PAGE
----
Farewell to BKW: Suzanne Thomas Wette

It is said in the industry that conglomerates are out. But BKW bought dozens of engineering companies under Suzanne Thoma. So far, the stock market is right. Wouldn’t that be a good moment for the canton of Bern to divest itself of its BKW shares?

BKW boss Suzanne Thoma has increasingly shifted the group’s weight towards engineering and building technology.

Anthony Anex / Keystone

There is no question that the BKW energy group developed extremely strongly on the stock exchange during the Suzanne Thoma era. When she had her first full year as boss in 2014, the company was worth 1.6 billion francs. Now that she is about to hand over responsibility, there are around 6 billion. The shareholders, here with more than half the canton of Bern, can look forward to a total return of over 20 percent – per year. So did Thoma do everything right?

It is striking that the group’s weight is shifting more and more towards engineering and building technology. Several dozen small and medium-sized companies have been taken over here over the years. That makes you suspicious: Isn’t there a movement around the world away from the conglomerate towards a focus on what you do best? Whether it’s Siemens, GE, the pharmaceutical or chemical companies: you can see divisions everywhere: 1 plus 1 is sometimes less than 2 if you get bogged down.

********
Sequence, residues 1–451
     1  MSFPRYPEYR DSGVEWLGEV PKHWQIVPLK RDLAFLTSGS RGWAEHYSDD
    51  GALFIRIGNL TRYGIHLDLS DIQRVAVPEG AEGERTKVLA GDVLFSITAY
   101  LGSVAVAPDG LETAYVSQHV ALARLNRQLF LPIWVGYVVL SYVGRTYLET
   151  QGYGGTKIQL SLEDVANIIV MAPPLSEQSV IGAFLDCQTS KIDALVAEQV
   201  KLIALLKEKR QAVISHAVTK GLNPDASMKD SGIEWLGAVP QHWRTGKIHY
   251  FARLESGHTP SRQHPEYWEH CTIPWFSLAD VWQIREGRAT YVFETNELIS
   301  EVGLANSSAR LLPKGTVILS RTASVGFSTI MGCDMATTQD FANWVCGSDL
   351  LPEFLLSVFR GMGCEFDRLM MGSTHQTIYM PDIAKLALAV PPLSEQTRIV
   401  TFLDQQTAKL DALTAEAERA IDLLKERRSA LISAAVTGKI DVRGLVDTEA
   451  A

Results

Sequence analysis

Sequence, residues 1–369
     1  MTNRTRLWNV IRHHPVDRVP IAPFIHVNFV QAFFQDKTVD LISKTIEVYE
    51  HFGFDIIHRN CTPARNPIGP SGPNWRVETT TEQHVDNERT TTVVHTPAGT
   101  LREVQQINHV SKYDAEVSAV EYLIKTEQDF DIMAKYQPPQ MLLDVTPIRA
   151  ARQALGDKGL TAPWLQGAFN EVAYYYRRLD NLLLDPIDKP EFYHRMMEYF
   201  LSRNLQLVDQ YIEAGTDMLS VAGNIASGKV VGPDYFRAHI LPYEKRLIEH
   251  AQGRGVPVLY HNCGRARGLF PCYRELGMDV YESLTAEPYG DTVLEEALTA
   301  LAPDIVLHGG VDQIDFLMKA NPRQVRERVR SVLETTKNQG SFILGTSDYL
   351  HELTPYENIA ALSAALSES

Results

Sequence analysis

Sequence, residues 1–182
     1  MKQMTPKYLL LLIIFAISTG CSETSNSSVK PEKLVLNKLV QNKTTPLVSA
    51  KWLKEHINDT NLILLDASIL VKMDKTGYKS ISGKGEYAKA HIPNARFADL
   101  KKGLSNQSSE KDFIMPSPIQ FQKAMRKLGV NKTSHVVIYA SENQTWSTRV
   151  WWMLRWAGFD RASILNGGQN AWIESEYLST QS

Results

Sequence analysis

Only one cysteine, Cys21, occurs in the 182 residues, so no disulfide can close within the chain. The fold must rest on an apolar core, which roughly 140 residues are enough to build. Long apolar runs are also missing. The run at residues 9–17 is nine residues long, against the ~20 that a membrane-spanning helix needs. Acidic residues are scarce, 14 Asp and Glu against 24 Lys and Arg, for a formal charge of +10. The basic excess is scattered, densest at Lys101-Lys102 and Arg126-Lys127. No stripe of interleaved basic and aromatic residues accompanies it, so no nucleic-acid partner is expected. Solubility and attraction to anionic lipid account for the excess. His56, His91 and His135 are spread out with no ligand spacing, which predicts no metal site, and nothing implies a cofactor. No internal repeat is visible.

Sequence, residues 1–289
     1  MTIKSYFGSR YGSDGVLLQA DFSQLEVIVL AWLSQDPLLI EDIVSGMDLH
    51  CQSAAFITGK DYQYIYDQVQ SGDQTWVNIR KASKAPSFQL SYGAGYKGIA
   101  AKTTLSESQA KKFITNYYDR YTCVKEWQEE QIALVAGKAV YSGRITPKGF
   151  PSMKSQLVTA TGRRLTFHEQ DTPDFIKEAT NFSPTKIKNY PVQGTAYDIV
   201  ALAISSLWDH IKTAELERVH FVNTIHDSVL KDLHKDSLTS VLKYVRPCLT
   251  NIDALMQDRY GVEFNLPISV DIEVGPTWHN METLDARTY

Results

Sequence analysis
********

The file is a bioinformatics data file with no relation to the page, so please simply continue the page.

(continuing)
And at BKW? Since one defends against the term conglomerate. The aim is to cover the entire value chain for electricity, i.e. production, distribution and how the energy is used in buildings, says the management. Large customers in particular wanted an integrated offer.

However, the multi-page directory of all the companies – many of them abroad – that BKW has acquired suggests that this will not be an easy task. Is BKW really the best host for all these SMEs? With this strategy, Thoma made a bet that has so far paid off on the stock exchange. That would be a good time for the canton of Bern to take profits: it should sell its shares and give “its” group complete entrepreneurial freedom.

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